War of the Rebellion: Serial 015 Page 0354 Chapter XXIV. OPERATIONS IN N, VA., W. VA., AND MD.

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that the enemy was gathering in some force, I went to the field, accompanied by Lieutenants Wicker, Fralick, Larned, Spencer, Harvey, Byran, Miner, Taylor, Briggs, and Halsted, with their flagmen. I also had two of mine with me. On arriving upon the battle-field we found Colonel Kimball in command. I immediately located a station near Colonel Kimball, placing Lieutenant john H. Fralick upon it with his two flagmen. Colonel Sullivan was is command of our left flank, about 1 1/2 miles from Colonel Kimball. I ordered Lieutenant Larned to go to Colonel Sullivan with his flagman and locate a station, which he accordingly did. I afterward sent Lieutenant Briggs to assist him. Then, at Colonel Kimball's request, I established communication between him and General Shields, who was confined to his room with a wound received the day before Winchester, about 3 miles. I did it at once by sending Lieutenant Miner to General Shields' headquarters, Lieutenants Wicker and Spencer occupying the station next to Lieutenant Miner; Lieutenant Harvey the station next to Wicker's and Spencer's, he communication with Lieutenant Fralick.

About 3 o'clock p. m. Colonel Tyler was ordered to advance with five regiment to turn the enemy's left and captured a battery which was playing upon our center. I dispatched Lieutenant Taylor, with one flagman to accompany him. After proceeding about 1 1/2 miles he was met with a heavy force, which pounded in upon him volley with deadly effect, but forces under Colonel Tyler answered it with a will. It was here that Lieutenant Taylor's flagman was wounded in the arm. The flagman's horse was shot through the neck killed. Lieutenant Taylor did not succeed in opening communication with Lieutenant Fralick.

I then sent Lieutenant Byran over to our right, so as to get communication with Colonel Tyler, which he did in fine style. The firing lasted until dark, when both sides ceased, the rebels having been routed at all points, we capturing two guns and there caissons.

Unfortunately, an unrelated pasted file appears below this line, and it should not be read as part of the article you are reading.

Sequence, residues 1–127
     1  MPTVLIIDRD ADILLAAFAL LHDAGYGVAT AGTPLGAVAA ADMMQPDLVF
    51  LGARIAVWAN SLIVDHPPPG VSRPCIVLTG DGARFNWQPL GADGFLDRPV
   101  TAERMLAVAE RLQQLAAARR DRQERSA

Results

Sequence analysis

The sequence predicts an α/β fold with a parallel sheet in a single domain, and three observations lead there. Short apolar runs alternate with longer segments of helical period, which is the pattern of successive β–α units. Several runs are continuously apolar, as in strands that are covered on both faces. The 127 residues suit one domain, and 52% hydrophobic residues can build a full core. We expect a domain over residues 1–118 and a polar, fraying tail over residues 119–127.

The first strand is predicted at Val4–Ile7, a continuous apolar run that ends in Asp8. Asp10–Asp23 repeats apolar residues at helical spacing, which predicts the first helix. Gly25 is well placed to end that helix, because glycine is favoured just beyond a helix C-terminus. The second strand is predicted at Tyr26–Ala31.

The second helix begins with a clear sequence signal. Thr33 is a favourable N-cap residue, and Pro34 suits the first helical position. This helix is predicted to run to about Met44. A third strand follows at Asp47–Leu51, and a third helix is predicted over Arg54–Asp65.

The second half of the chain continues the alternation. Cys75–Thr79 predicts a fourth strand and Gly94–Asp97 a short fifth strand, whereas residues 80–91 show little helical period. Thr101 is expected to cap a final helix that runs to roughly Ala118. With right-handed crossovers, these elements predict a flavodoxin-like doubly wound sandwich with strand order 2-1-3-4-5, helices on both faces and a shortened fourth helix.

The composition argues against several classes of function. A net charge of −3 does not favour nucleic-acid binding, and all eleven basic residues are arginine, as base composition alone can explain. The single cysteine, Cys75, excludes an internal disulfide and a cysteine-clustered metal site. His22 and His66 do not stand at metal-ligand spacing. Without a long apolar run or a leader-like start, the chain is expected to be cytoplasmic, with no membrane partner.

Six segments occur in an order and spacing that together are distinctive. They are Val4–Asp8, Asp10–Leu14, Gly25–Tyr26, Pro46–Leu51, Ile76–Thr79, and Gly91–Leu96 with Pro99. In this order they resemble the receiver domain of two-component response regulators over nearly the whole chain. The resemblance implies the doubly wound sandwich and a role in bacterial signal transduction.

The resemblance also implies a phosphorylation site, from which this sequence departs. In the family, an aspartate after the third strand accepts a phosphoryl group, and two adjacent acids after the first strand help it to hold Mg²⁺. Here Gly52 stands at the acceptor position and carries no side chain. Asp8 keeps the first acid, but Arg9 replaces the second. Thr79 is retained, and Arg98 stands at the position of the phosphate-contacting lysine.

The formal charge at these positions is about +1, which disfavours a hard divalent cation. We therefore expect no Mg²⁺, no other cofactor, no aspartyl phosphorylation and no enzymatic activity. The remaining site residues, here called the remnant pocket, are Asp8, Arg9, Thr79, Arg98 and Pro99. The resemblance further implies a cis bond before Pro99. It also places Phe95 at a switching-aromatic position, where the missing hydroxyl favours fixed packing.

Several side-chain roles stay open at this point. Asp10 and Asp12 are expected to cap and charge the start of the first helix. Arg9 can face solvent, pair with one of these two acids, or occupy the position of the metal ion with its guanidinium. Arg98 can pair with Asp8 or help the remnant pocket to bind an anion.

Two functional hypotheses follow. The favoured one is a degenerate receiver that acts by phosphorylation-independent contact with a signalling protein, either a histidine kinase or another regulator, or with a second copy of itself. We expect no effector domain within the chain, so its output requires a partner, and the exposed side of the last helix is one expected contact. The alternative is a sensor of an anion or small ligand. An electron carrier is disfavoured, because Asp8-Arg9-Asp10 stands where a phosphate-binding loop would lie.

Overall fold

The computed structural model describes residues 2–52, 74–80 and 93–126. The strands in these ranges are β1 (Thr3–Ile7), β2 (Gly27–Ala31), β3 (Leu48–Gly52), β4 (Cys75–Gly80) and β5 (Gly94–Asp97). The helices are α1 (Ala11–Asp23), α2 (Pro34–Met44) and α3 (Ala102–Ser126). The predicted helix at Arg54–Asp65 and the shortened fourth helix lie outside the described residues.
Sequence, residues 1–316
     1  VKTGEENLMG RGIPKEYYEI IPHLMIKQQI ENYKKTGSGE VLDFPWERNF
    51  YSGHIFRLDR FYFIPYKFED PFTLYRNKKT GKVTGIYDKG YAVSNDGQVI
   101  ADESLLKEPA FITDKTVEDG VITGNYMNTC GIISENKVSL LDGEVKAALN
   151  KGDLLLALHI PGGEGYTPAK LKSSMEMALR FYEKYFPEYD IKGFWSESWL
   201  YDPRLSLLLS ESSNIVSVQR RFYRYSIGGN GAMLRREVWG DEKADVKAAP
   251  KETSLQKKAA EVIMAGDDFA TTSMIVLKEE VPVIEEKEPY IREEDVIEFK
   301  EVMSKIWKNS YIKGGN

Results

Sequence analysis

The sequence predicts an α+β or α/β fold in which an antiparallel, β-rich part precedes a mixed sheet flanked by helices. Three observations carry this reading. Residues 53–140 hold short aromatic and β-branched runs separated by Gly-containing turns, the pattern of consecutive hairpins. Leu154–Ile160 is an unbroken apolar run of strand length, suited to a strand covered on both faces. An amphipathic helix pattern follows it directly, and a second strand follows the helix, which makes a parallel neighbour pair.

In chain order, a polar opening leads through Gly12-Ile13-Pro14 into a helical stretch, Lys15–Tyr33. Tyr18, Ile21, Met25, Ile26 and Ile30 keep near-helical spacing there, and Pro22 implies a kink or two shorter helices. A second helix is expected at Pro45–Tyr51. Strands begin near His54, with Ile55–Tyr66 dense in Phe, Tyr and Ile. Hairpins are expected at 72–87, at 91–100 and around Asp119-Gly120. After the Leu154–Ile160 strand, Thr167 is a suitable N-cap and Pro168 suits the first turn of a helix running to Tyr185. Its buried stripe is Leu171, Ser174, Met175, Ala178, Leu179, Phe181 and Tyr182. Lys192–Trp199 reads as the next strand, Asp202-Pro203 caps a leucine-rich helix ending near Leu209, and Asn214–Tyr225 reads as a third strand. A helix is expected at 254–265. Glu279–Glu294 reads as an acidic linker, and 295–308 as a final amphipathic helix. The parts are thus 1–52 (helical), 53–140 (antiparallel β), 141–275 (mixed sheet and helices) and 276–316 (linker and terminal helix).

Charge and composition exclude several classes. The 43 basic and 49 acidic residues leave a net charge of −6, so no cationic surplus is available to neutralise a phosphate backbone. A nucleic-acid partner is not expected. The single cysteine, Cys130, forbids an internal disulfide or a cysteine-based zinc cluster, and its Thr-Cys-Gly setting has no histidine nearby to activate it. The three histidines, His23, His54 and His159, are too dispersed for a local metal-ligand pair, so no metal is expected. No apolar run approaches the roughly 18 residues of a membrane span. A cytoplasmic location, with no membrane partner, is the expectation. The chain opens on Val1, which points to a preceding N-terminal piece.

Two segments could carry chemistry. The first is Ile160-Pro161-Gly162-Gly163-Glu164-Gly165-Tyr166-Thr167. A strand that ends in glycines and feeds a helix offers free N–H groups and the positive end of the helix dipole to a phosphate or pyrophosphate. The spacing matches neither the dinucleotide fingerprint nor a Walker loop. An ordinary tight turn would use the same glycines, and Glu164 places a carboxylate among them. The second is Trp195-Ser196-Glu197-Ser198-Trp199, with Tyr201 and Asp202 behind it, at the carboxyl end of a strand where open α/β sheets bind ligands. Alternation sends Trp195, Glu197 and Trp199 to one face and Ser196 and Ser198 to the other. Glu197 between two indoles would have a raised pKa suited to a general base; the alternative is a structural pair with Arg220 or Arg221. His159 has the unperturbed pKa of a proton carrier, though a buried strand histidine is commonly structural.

Lieutenant Taylor joined Lieutenant Byram about dark, and the two worked the station during the night. Lieutenants Larned and Briggs remained upon their station all night upon the left, Byram and Taylor all night upon our right, Lieutenant Spencer and myself upon the station at the center. At dark, with Colonel Kimball's consent, i ordered all the other station to proceed to the quarters, which they did.. The stations at the center and upon the left were almost constantly at work, ordering up re-enforcement, &c. All the stations worked well, no mistake occurring and no reports being called for. Lieutenants Fralick, Taylor, Byram, add myself were in

the most exposed part of the field; at times it being very much exposed. Some of the time I acted as aide to Colonel Kimball, carrying messages to different portions of the field. During the night our station were kept pretty busy sending messages.

The names of the flagmen who worked in the exposed portions of the field are follows: Lieutenant Larged, Flagman Alonzo H. Hurd, Company H, First Minnesota Volunteers; Lieutenant Fralick, Flagman Edward G. Redner, Thirty-fourth New York Volunteers; Lieutenant Taylor, Flagmen Oliver S. Temple, Forty-third New York Volunteers; Lieutenant Byram, Flagman S. W. Shirley, Sixteenth Indiana Volunteers; Lieutenant Rowley, Flagman Peter Spargo, First Pennsylvania Reserve Volunteers.

All the officers and men did their duty well and faithfully, and I think all are equally deserving. All could not be in the battle, as some were ordered on station a little removed. They all did their work